“Elected By Nobody”: Our Supreme Court Has Lost Its Honor
Once upon a time, in a place called America, there was a government with three equal branches. That America no longer exists.
One branch now rules American life.
It is the Supreme Court, and it consists of nine people elected by nobody. They rule for life. Their power is absolute.
To overrule them requires an amendment to the Constitution, a process so politically difficult, it is nigh on impossible. (The most recent amendment, the 27th, which deals with congressional salaries, took 203 years to ratify.)
Technically, the justices can be removed from office for high crimes and misdemeanors, but none ever has been.
There is no aspect of American life — from civil rights to sports, to guns, to religion, to sex — over which the justices have not exerted control.
There are no qualifications to serve on the Supreme Court.
Though the Constitution lists qualifications to become a president, a senator or a representative, none are listed for the high court. The justices need not be of a certain age or have been born in the United States or even be a citizen.
They do not have to be lawyers, though all have been. (Some, however, never went to law school.)
You could be a justice of the Supreme Court. I could. Justin Bieber, age 18 and a Canadian citizen, also could be, though Senate approval would not be likely.
The greatest power the justices have is carved into the marble of the Supreme Court Building and gilded in gold: “It is emphatically the province and duty of the Judicial Department to say what the law is.”
These are the words of John Marshall, the fourth U.S. chief justice, written in 1803. His decision established forever that the Supreme Court had the right to uphold or strike down laws passed by Congress.
Nowhere in the Constitution is the Supreme Court given this power. The Supreme Court took it in a 4-0 decision. (There were only six members on the court at the time and two were sick.)
The Supreme Court would, over its history, come up with some terrible decisions countenancing slavery, locking up Japanese-American citizens in camps, supporting “separate but equal” segregation and approving the forced sterilization of the mentally ill.
But these were anomalies. Overall, the court would help create a vibrant and free society where citizens could live under the rule of law, where nobody was above the law and where equal rights were promised to all.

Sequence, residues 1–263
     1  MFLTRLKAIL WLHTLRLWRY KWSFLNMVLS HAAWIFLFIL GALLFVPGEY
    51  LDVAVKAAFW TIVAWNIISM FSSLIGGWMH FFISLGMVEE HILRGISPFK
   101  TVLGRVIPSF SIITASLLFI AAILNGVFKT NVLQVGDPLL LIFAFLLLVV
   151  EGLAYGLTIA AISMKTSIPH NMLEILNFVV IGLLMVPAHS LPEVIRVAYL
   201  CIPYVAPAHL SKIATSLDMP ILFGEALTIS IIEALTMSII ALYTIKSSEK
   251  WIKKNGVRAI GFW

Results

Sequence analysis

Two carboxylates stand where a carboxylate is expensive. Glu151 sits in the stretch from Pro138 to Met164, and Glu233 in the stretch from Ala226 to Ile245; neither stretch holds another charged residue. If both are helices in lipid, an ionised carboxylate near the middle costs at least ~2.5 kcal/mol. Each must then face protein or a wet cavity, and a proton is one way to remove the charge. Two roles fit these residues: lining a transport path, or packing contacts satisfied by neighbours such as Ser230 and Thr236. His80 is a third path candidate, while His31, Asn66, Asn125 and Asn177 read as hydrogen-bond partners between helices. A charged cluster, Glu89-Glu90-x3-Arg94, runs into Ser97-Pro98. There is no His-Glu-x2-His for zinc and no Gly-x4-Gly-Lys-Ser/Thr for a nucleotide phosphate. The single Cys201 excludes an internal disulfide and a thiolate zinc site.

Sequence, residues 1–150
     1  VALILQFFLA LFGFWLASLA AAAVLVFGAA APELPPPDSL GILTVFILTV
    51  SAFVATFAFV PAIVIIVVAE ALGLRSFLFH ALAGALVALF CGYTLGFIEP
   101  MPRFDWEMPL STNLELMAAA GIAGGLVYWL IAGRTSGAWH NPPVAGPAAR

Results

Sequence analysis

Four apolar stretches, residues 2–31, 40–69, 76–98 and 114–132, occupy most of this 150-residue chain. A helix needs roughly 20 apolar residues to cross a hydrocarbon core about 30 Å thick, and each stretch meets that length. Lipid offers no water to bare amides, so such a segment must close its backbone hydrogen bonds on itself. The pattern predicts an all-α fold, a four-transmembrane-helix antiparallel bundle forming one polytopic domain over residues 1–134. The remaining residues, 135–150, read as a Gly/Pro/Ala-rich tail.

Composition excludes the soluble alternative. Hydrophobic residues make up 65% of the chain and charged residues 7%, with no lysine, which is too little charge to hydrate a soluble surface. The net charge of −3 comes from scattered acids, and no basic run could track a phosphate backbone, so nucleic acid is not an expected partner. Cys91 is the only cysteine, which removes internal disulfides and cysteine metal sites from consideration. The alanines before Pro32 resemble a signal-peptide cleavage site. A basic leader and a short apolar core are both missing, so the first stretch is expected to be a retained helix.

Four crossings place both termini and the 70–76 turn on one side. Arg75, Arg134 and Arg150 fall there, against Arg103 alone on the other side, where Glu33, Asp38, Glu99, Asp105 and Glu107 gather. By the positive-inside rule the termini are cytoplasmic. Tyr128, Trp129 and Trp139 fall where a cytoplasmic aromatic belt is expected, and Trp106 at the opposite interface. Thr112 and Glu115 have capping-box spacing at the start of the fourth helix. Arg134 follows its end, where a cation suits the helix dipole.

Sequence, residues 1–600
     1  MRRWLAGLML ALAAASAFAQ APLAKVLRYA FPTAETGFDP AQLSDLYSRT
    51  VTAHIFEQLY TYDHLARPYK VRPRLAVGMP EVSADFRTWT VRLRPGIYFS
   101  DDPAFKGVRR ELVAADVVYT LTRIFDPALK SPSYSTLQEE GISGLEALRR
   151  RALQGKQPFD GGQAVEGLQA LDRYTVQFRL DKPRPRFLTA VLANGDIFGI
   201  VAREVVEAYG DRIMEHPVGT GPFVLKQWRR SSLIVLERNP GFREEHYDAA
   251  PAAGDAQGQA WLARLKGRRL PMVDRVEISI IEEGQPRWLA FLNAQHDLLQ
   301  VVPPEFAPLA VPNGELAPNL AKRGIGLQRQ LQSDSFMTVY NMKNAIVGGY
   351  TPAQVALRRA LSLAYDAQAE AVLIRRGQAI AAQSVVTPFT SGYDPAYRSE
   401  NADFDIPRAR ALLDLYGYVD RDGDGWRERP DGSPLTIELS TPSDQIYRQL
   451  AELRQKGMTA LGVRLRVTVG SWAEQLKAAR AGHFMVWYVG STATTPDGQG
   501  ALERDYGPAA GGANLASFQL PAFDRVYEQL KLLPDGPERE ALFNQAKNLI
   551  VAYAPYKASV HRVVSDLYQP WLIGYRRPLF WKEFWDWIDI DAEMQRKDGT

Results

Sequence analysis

For much of modern times, the court has been seen as being above politics. This was very important as a balance to its vast power. Even though justices were appointed by political presidents and approved by political senators, their own politics was to be suppressed.
We realized they were human beings with political opinions, but we expected them to put those opinions aside.
And then came 2000 and the court’s 5-4 decision that made George W. Bush the president of the United States. The decision was nakedly political. “The case didn’t just scar the Court’s record,” Jeffrey Toobin wrote in The New Yorker, “it damaged the Court’s honor.”
Its honor has never fully recovered. Our current court is led by Chief Justice John Roberts, who was appointed by Bush in 2005 after having worked on Bush’s behalf in Florida in 2000.
The signature of the Roberts Court, Toobin wrote, has been its eagerness to overturn the work of legislatures. This is hardly conservative doctrine but today, politics trumps even ideology. In Citizens United v. Federal Election Commission, the court “gutted the McCain-Feingold campaign-finance law” which amounted to “a boon for Republicans.”
“When the Obama health-care plan reaches the high court for review,” Toobin predicted 18 months ago, “one can expect a similar lack of humility from the purported conservatives.”
At this writing, I do not know how a majority of the justices will rule on Obama’s health care plan, which was passed into law by Congress. Two branches of government have spoken, but their speech is but a whisper compared with the shout of our high court.
The die was cast in 2000. And it would take the most dewy-eyed of optimists to expect the court’s decision to be anything other than political.
Justice John Paul Stevens, now retired, wrote in his dissent in Bush v. Gore in 2000: “Although we may never know with complete certainty the identity of the winner of this year’s Presidential election, the identity of the loser is perfectly clear. It is the Nation’s confidence in the judge as an impartial guardian of the rule of law.”
That is a lot to lose. But we have lost it. And getting it back may be a long time in coming.
By: Roger Simon, Politico, June 27, 2012
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